9th Triennial IJBS Conferenc

NETWORKS OF DISSENT: CONNECTING AND COMMUNICATING ACROSS THE LONG REFORMATION: THE NINTH TRIENNIAL CONFERENCE OF THE INTERNATIONAL JOHN BUNYAN SOCIETY

The draft programme for the Ninth Triennial IJBS Conference is now available. Download the conference schedule here.

Wednesday August 14

12:00-6:00 Registration Table: Business Atrium

1:00-2:00 Salter Room HC 3-95: Reception for graduate student delegates.

Plenary Panel 1: 2:15-3:45: Writing and Reading Among Dissenting Clergy
Chair: Roger Pooley
Helen Wilcox (Bangor University): “The Dissenter’s Journal as a Textual Network: the Case of Oliver Heywood”
Tim Cooper (University of Otago): “The Correspondence of Richard Baxter”
Robert Daniel (University of Warwick): “’Read their lives in Mr. Clarke’s collection’: Writing and Reading Networks amongst Dissenting English Clergymen, 1650-1700”

4:00-6:00 Bruce Peel Special Collections
The official opening of the Bunyan Exhibition in Bruce Peel Special Collections (curated by Sylvia Brown). The Bruce Peel is one of the four largest repositories in the world for rare Bunyan editions.

6:15-7:30 Plenary Address 1: Kathleen Lynch (Folger Institute): “‘We Protestants in masquerade’: Burning the Pope in London.” Chair: Sylvia Brown

Thursday August 15

8:45-10:00 Plenary Address 2: Ariel Hessayon (Goldsmith’s. University of London): “Social networks and the publication of continental European writings during the English Revolution” Chair: David Walker

Concurrent Session 1: 10:30-12:00
Bunyan’s Contemporaries
Chair: Helen Wilcox
Jameela Lares (University of Southern Mississippi): “There Is No Way but Or:  Method in Bunyan and Milton”
Gary Kuchar (University of Victoria): “The Sounds of Appleton House: Andrew Marvell’s Poetic Audioscapes”
Paul Dyck (Canadian Mennonite University): “Dissenting and Conforming Herbert: tracing the uses of The Temple in the later 17th century”

Towards the Modern and Contemporary
Chair: Rachel Adcock
Andy Draycott (Talbot School of Theology): “Bunyan and Bonhoeffer: honoring prison writers among evangelical inheritors of dissent”
Devin Fairchild (Kent State University): “Anarchy in the UK and Terror in the Garden: a Postcolonial Reading of Paradise Lost and V for Vendetta”
Margaret Breen (University of Connecticut): “Toni Morrison, Temporality, and Networks of Dissent”

12:00-1:00 Lunch

Concurrent Session 3:  1:00-2:30
Travel and Translation
Chair: Kathleen Lynch
Rev. Susanne Gregerson (Independent Scholar): “The first translation of “Pilgrim’s Progress” into Danish”
Shitsuyo Masui (Sophia University, Tokyo): “Olaudah Equiano’s Interesting Narrative and the 18th-century Transatlantic Evangelical Protestantism”
Roger Pooley (Keele University): “Dissenting Itinerancy”

Memory and Meditation
Chair: Tim Cooper
Rachel Adcock (Keele University): “Memorable Acts and Restoration Dissenting Networks”
Tom Schwanda (Wheaton College): “Remembering John Bunyan through the Writings of George Whitefield”
David Walker (University of Northumbria): “Defoe’s Meditations”

Plenary Panel 2: 3:00-4:45: Women, Print Networks, and Publishing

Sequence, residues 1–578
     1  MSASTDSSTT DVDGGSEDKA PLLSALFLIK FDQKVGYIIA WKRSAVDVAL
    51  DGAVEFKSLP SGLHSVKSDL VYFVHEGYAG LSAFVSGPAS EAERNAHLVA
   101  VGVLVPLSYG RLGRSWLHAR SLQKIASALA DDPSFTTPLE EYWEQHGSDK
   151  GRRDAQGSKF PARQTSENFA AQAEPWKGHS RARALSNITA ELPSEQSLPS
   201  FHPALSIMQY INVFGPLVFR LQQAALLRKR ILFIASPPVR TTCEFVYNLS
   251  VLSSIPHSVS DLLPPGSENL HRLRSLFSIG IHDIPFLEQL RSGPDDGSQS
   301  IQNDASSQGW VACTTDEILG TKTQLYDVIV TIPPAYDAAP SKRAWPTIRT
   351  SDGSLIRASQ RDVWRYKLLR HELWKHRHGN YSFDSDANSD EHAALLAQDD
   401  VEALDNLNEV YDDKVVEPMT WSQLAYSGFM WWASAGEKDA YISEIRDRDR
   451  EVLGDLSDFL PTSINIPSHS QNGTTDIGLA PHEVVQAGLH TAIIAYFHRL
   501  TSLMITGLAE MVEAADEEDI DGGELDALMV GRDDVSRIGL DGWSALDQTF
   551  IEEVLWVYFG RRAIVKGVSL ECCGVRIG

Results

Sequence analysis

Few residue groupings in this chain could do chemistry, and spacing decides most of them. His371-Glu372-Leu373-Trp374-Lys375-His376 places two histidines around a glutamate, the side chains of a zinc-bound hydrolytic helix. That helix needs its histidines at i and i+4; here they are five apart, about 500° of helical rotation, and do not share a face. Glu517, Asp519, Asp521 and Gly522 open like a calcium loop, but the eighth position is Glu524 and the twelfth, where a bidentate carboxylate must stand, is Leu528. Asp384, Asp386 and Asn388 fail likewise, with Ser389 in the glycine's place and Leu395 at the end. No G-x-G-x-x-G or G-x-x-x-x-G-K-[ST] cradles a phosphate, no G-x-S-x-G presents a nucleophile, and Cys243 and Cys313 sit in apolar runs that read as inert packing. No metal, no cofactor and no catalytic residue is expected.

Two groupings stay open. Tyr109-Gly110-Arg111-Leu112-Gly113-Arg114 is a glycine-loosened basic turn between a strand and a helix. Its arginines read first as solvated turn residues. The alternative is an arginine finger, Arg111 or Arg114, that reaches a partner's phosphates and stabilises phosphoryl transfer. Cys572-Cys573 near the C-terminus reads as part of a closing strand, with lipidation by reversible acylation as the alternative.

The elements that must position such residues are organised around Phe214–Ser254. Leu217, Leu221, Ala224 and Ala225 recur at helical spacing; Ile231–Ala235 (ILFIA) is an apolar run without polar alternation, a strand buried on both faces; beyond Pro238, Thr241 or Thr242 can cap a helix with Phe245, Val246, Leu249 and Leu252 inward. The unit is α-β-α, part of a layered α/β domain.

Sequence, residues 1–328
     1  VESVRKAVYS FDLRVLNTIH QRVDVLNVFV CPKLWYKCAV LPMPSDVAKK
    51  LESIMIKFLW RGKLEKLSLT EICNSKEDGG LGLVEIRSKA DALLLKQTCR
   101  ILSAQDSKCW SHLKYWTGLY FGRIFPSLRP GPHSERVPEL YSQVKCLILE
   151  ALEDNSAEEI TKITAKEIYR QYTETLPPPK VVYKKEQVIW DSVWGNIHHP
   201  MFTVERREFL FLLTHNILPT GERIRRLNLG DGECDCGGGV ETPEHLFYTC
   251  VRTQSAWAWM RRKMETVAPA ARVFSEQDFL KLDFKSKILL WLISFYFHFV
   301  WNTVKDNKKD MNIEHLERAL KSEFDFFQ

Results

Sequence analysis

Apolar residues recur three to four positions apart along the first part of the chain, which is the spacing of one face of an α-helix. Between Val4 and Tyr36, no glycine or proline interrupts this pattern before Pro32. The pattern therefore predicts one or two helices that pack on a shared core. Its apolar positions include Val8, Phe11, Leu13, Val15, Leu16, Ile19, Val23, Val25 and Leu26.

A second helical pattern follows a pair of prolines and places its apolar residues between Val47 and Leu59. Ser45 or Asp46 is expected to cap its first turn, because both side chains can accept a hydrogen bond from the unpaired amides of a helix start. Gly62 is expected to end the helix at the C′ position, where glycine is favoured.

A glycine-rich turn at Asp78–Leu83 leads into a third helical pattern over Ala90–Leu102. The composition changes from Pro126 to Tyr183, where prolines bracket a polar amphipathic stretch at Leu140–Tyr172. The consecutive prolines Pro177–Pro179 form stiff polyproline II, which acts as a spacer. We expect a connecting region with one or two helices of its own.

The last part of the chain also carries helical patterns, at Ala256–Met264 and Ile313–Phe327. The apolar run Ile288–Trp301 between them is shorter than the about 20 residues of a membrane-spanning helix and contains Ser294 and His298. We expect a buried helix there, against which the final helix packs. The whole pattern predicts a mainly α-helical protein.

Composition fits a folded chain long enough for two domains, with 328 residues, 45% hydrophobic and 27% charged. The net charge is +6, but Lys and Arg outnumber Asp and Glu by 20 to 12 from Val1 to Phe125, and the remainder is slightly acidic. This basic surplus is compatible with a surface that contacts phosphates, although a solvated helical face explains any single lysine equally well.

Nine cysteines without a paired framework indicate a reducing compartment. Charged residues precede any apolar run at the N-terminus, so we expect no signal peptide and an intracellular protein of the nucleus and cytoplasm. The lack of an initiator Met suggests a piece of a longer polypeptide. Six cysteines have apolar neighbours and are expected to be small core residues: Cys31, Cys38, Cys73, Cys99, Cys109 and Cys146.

Moderator: Sylvia Brown

Part 1: Jenna Townend (Loughborough): “Print and literary cultures of dissenting poetry and its readers, 1642-89:
Gary Kelly (University of Alberta): “Sixpenny Print Networks: Bunyan, the Number-trade and Dissent in the Onset of Modernity”

Part 2: Adrea Johnson (University of Alberta): “’I send thee forth’: Bunyan’s Language of Agency in the Work of Susannah Spurgeon”
Vera J. Camden (Kent State University): “Earthly House and Earthly Testimony: Mary Franklin’s Experience” (read in absentia)

7:00-9:00 Anglican Parish of Christ Church, Oliver Neighbourhood
The Appeal of John Bunyan

Friday August 16

8:45-10:00 Plenary Address 3: Alison Chapman (University of Alabama) “Tithes of War. The Early Modern Law of Tithing and Milton’s War in Heaven”  Chair: Arlette Zinck

Concurrent Session 5: 10:30-12:00

Allegory and Hermeneutics
Chair: Paul Dyck
Michael Arbino (Kent State University): “Predestination and Divinely Appointed Companionship in The Pilgrim’s Progress and The Life and Death of Mr. Badman
Richard Bergen (University of British Columbia): “The Word and the World”
Noam Flinker (University of Haifa): “Psalm 51: From Christian Silencing to Judaic Messianism in Mid-17th-Century England”

Bunyan Texts and Contexts
Chair: Jenna Townend
Donovan Tann (Hesston College) “Early Modern Brewing Discourse and Networks of Culpability in John Bunyan’s Life and Death of Mr. Badman” (1680)
Maxine Hancock (Emerita, Regent College) “Mercie’s Mirrors: Reflections and Deflections in the Pilgrim’s Progress, part 2”
Robert Wiznura (MacEwan University), “Anxiety About Complacency: The Holy War”

12:00-1:00 Lunch

1:00-2:15 Plenary Address 4: Feisal Mohamed (Graduate Centre CUNY): “Bunyan on the Eve of Restoration” Chair: David Gay

AFTERNOON EXCURSIONS: 2:30-5:30

IJBS Business Meeting: 6:15-7:00 Place TBA all are welcome

7:00-10:00 Conference Banquet Papaschase Room: University of Alberta Faculty Club 

Announcement of the Fifth Richard L. Greaves Award / Adjournment

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2019 IJBS Day Conference Programme

HONEST LABOUR:
EXPLORING THE INTERFACE BETWEEN WORK AND NONCONFORMITY

A Regional Day Conference of the International John Bunyan Society, organized in association with the University of Bedfordshire, Keele University, Loughborough University and Northumbria University.

 

Martin Hall, Loughborough University, Friday 5 April 2019

PROGRAMME

9.30-10.15 Registration

10.15-10.30 Welcome: Catie Gill

10.30-11.45 Plenary: John Rees (Goldsmiths): ‘The Levellers, Wage Labourers, and the Poor’

11.45-12.00 Coffee

12-1.00 First Panel

Edward Legon (QMUL): ‘Godly Weavers? – Cloth-work and Nonconformity in Seventeenth-century Britain’